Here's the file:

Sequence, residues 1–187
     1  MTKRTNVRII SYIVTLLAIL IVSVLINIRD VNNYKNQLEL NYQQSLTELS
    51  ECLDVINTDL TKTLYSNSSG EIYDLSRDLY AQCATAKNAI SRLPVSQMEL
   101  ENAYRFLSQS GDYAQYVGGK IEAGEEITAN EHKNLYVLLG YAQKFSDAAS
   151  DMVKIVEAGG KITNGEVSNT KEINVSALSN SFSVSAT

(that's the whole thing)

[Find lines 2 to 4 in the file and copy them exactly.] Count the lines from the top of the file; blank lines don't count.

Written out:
     1  MTKRTNVRII SYIVTLLAIL IVSVLINIRD VNNYKNQLEL NYQQSLTELS
    51  ECLDVINTDL TKTLYSNSSG EIYDLSRDLY AQCATAKNAI SRLPVSQMEL
   101  ENAYRFLSQS GDYAQYVGGK IEAGEEITAN EHKNLYVLLG YAQKFSDAAS